The Patio de los Naranjos: A Tranquil Courtyard with a Rich History

The Patio de los Naranjos, or Courtyard of the Orange Trees, is a courtyard in the Seville Cathedral. 

It was originally a sahn courtyard for the Almohad mosque that once stood there. 

Muslims used it for ritual cleansing before entering the prayer hall.

What does history have to say about it?

After King Ferdinand III captured Seville from its Islamic Moorish rulers, the mosque was first converted into a cathedral.

Then it was demolished to make way for the cathedral.

However, the Christian rulers decided to preserve some of the mosque’s original architecture and parts.

Hence, the courtyard, now known as the Patio de los Naranjos, or Court of Oranges, is now standing there.

Its striking features

The courtyard has an octagonal fountain and lots of orange trees, along with some palms and cypresses.

Despite undergoing significant changes over the centuries, the Patio de los Naranjos still bears traces of its Islamic origins.

One striking feature is the presence of pillars supporting pointed horseshoe arches on two sides of the courtyard.

A fountain stands at the center of the courtyard, the only remaining sign of the Visigoth period (5th to 8th centuries).

The current one was built on top of the original fountain (or midha, as it was referred to when the mosque was still there), which was used for the washing ritual by Muslims.

The eastern area, or cloister of the courtyard, is known as the Granada.

It has a famous stone platform that has hosted sermons delivered by many famous preachers.

The Granada stands as a symbol of the courtyard’s spiritual importance and its connection to the religious practices carried out within the Seville Cathedral.

How do I get there?

To enter the Patio de los Naranjos, visitors can pass through the Puerta del Perdón, also known as the Door of Forgiveness.

This entrance is adorned with stucco engravings that hark back to the time of the mosque, symbolizing that entering the courtyard grants access to paradise.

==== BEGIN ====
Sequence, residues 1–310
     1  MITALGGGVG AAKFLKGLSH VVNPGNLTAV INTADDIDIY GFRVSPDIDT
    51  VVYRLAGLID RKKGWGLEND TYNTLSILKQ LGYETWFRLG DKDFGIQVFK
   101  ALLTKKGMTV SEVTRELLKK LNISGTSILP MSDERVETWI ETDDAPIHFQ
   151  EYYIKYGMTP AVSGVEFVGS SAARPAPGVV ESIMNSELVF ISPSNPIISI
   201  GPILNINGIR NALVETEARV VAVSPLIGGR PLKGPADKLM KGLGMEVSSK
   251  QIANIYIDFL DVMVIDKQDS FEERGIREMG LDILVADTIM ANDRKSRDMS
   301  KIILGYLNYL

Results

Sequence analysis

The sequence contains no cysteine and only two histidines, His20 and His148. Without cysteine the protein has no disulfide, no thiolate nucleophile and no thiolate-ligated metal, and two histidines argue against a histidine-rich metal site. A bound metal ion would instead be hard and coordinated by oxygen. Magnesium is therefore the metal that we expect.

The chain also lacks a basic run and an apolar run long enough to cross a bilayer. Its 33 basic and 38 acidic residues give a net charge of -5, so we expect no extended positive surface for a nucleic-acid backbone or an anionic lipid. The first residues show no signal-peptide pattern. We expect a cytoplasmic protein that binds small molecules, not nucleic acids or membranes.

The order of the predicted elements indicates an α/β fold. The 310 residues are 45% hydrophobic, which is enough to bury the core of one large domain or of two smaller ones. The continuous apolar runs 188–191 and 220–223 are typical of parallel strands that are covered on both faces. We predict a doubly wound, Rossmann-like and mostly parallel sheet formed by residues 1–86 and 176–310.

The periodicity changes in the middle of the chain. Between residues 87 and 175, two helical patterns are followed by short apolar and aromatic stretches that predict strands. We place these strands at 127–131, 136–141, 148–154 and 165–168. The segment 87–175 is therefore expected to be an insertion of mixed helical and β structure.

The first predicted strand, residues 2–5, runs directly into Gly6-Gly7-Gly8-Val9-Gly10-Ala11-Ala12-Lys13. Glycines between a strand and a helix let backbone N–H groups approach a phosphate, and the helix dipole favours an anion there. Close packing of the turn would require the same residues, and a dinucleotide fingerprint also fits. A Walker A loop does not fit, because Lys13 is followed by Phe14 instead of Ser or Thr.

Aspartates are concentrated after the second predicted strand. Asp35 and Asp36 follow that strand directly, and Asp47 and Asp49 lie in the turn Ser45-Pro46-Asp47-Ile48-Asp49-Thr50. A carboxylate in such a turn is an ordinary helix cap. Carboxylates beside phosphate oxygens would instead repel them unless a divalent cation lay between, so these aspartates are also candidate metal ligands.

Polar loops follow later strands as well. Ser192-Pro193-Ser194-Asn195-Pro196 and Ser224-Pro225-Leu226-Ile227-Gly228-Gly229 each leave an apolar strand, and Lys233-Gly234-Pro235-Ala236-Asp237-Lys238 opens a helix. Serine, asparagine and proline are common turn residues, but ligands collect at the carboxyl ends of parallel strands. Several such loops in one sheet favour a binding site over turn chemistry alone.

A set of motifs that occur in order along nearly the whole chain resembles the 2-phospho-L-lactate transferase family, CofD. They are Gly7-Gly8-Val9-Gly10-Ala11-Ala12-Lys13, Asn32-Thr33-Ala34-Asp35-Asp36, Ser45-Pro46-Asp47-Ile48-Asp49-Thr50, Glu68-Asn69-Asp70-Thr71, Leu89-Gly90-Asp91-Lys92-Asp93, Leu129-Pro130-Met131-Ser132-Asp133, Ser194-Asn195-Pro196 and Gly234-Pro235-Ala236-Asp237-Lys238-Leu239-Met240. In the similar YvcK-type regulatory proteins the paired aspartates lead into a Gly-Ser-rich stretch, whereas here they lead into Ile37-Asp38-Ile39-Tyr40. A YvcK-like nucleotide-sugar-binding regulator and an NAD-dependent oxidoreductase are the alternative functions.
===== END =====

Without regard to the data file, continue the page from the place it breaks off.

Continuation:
In addition to this entrance, there are other doors leading to the exterior of the cathedral and adjacent areas.

The courtyard is encompassed by the northern facade of the cathedral on the left, the Iglesia del Sagrario in the middle, and a gallery on the right.

But why oranges?

Historically, bitter oranges, from which Sevillan orange trees originate, were first brought to Europe by Genoese sailors.

These were brought from Asia, where their planting was associated with the happiness of their owner.

 Hence, when the Arabs expanded to Spain and established the Moorish kingdom, they planted oranges here.

Even after the Catholic king Ferdinand III conquered Spain, the orange trees remained, and slowly, the trees and the sweet smell associated with them became Seville’s emblem.

To conclude, The Patio de los Naranjos is a beautiful and historic courtyard that is worth visiting if you are in Seville.

It is a reminder of the city’s rich Islamic heritage and a popular spot for locals and tourists alike to relax and enjoy the fresh air.

Why is Seville famous for oranges?

Seville is known for its abundance of orange trees, with 25,000 in the city.

The orange trees were originally brought from China by the Moors and were used for medicinal purposes until the Middle Ages.

The Seville orange is not suitable for juice but is used for perfume, wine, and jam, particularly the famous “Seville Orange Marmalade.”

The best time to visit Seville and experience the orange blossoms is in March and early April.

Featured Image: Mezquita-catedraldecordoba.es

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